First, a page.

Let $n$ be a fixed natural number. Let $H$ be a complex Hilbert space and $H_1,\dotsc,H_n$ be closed subspaces of $H$. Set $H_0\mathrel{:=}H_1\cap H_2\cap\dotsb\cap H_n$ and let $P_i$ be the orthogonal projection onto $H_i$, $i=0,1,2,\dotsc,n$. I study the functions $f_n:[0,1]\to\mathbb{R}$ defined by $$ f_n(c)=\sup\{\lVert P_n\dotsm P_2 P_1-P_0\rVert \mathrel| c_F(H_1,\dotsc,H_n)\leqslant c\},\,c\in[0,1], $$ where the supremum is taken over all complex Hilbert spaces $H$ and systems of closed subspaces $H_1,\dotsc,H_n$ of $H$ for which the Friedrichs number $c_F(H_1,\dotsc,H_n)$ is less than or equal to $c$ (the Friedrichs number is a certain numerical characteristic of a system of subspaces).

As explained in a previous question, there is no problem with the definition of the supremum.

The question is about the following argument, which seemingly requires the axiom of choice for proper classes.

By the definition of the supremum for every natural number $m\geqslant 1$ there exist a Hilbert space $H^{(m)}$ and a system of its closed subspaces $H^{(m)}_1,...,H^{(m)}_n$ such that $c_F(H^{(m)}_1,...,H^{(m)}_n)\leqslant c$ and $\|P^{(m)}_n...P^{(m)}_2 P^{(m)}_1-P^{(m)}_0\|>f_n(c)-1/m$. Now we can use these systems of subspaces, for example, we can form the orthogonal direct sum $\bigoplus_{m=1}^\infty H^{(m)}$.

Question: are these innocent arguments correct, say, in the axiomatic theory ZFC? I am suspicious here because I need to choose infinite number of systems of subspaces simultaneously. If I understand things correctly, we need to use here the Axiom of Choice. But all systems of subspaces $(H;H_1,...,H_n)$ with $c_F(H_1,...,H_n)\leqslant c$ do not form a set and the Axiom of Choice works with sets! So we need to use here something like the "Axiom of Choice for classes", but I do not know such an Axiom. Therefore I think that the arguments above are not correct, but they are so innocent...

Help me please understand if the arguments are correct or not correct. In other words, can we choose a sequence of systems of subspaces of Hilbert spaces as above or we cannot do this?

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    $\begingroup$ You've asked this several times already. You've received the same answer several times already. It will be very helpful if you'll clarify what exactly is missing at this point. You're not actually choosing uniformly. Think of each $H$ as a room: you first enter the room, then you have a lot of rooms for the choice of subspaces, so you enter into one of the rooms. You compute something and you get a real number. You keep that real number, and you now use Replacement to instantly do the same for all rooms and all the rooms inside of those rooms. You are not choosing anything. $\endgroup$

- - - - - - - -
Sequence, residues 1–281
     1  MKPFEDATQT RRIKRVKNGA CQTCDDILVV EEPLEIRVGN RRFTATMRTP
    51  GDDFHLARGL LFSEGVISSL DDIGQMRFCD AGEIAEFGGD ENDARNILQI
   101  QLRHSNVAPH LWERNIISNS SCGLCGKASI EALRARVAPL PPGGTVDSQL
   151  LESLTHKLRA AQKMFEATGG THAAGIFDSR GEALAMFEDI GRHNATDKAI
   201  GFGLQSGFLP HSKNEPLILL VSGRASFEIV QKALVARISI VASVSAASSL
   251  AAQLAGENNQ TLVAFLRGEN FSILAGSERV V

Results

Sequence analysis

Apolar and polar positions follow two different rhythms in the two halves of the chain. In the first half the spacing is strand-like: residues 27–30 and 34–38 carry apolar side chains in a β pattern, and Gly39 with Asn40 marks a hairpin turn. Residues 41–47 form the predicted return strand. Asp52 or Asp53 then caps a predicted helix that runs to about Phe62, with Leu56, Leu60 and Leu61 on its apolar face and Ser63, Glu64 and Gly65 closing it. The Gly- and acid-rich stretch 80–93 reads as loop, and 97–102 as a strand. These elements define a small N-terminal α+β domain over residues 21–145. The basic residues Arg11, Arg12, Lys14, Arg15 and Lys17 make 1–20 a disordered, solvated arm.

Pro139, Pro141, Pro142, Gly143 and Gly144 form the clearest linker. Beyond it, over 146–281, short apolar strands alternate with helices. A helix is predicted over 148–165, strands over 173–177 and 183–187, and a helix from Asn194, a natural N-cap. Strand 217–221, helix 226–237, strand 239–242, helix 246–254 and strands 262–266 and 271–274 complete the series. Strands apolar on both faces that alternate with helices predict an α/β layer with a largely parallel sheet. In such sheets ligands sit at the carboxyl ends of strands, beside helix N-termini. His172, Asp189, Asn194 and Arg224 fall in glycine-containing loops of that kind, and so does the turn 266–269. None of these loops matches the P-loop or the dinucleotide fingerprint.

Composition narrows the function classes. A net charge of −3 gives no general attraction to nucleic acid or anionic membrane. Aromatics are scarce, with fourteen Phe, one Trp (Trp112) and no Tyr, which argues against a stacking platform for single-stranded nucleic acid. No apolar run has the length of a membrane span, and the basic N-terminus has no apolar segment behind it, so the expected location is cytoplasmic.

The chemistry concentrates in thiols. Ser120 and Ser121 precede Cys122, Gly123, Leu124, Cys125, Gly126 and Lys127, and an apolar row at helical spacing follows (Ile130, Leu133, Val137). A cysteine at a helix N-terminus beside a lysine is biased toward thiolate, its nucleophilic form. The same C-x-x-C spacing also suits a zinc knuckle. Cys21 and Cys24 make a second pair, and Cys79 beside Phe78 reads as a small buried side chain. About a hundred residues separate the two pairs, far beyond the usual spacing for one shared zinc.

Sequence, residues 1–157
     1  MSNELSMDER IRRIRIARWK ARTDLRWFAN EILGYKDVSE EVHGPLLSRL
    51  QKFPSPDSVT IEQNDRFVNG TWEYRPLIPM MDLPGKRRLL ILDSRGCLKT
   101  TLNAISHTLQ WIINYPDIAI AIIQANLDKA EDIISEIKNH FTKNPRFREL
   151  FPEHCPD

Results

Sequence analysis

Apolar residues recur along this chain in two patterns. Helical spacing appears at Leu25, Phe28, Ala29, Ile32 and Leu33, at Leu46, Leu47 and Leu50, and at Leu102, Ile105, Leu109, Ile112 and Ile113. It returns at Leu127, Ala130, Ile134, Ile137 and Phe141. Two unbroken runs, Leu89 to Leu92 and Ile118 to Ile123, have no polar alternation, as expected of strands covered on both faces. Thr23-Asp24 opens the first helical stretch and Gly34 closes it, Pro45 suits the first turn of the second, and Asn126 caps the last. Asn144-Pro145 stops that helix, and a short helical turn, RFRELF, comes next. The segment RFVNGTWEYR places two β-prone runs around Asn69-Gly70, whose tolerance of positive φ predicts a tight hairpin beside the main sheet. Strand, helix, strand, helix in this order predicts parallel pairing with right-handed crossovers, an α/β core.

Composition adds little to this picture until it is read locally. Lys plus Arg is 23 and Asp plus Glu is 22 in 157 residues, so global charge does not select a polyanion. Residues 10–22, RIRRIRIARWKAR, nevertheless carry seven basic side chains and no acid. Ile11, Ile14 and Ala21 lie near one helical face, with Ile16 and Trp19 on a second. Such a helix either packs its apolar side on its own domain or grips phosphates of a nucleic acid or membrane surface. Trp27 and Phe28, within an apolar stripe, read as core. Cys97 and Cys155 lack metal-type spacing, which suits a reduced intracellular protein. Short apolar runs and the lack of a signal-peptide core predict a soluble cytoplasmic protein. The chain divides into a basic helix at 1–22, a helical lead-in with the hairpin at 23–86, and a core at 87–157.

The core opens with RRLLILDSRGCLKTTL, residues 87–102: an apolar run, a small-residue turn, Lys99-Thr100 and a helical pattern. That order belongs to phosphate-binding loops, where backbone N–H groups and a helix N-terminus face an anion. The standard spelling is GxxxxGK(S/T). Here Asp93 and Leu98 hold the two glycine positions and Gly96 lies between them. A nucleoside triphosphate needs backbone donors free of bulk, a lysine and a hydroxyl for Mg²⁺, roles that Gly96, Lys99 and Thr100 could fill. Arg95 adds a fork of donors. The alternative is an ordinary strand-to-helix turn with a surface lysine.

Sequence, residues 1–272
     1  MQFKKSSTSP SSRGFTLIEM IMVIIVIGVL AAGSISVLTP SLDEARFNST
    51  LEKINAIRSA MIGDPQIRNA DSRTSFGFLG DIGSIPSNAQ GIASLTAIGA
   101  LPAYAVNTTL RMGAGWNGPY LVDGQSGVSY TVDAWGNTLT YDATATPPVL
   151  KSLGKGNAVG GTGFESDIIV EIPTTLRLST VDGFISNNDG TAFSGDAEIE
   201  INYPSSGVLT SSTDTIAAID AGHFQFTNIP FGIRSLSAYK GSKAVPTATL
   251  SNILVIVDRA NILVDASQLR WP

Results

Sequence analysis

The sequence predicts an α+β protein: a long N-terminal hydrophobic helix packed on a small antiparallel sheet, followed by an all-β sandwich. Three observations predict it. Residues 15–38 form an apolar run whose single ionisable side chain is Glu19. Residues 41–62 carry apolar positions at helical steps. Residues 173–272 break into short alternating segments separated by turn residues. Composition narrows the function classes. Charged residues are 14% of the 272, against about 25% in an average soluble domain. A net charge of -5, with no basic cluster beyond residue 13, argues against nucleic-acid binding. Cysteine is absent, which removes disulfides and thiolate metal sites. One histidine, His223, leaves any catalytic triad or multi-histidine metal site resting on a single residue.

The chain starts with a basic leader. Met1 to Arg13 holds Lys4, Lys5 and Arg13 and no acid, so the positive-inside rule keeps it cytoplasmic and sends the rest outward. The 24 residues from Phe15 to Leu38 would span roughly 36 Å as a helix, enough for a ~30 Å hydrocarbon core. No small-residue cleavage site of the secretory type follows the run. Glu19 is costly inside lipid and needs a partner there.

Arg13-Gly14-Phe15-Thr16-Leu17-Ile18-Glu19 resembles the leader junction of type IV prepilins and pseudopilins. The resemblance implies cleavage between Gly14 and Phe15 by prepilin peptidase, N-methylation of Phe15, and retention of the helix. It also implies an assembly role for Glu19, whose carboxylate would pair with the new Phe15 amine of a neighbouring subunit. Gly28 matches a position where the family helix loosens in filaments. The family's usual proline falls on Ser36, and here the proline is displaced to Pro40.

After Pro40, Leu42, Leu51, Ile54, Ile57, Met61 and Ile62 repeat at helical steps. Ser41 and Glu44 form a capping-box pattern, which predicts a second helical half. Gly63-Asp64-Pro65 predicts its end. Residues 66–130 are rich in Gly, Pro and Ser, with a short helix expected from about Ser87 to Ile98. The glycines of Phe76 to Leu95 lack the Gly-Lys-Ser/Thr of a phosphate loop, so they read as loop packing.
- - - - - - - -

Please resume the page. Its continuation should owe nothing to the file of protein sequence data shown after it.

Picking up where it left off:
– Asaf Karagila
    Apr 19, 2021 at 18:23
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    $\begingroup$ I'm sorry if I don't see it Ivan, but to me it looks almost the same proof that you're asking about mathoverflow.net/questions/375759 and mathoverflow.net/questions/387353 and mathoverflow.net/questions/389610, where is the difference? $\endgroup$
    – Asaf Karagila
    Apr 19, 2021 at 18:44
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    $\begingroup$ I think I understand the issue. You seem to think that $\forall x\exists y\varphi(x,y)$ is logically equivalent to the $\exists F\forall x\varphi(x,F(x))$ (here $F$ is a 2nd order object), and while that is true that the two are equivalent in $\sf ZF+GC$, this is not a rule of logic, nor we use this in the proof. So there's no need to choose for all Hilbert spaces such system of closed subspaces. So we are not doing that. $\endgroup$
    – Asaf Karagila
    Apr 19, 2021 at 18:55
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    $\begingroup$ You can show the existence of a choice function for a countable (or more generally, set-indexed) family of nonempty classes by employing Scott’s trick which reduces it to a family of sets, and then you can apply the usual axiom of choice. $\endgroup$ Apr 19, 2021 at 19:30
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    $\begingroup$ @AsafKaragila: The answer to this question is quite different from the answers to previous questions. The previous questions did not require Scott's trick, and this question does. $\endgroup$ Apr 19, 2021 at 22:09

1 Answer 1


For every $m\ge1$ we have a proper class $A_m$ of tuples $(H,H_1,…,H_n)$ satisfying the described condition.

Now invoke Scott's trick and construct a subset $A'_m⊂A_m$ for each $m\ge1$, consisting of tuples with the minimal rank in $A_m$. (This part of the construction does not use the axiom of choice.)

Since $A'_m$ are ordinary sets, we can apply the ordinary axiom of choice to extract a specific tuple for each $m\ge1$.

As a side remark, Scott's trick is also used in various constructions with classes, such as quotients of classes, and, more generally, colimits of classes. See the nLab article category of classes for more information.


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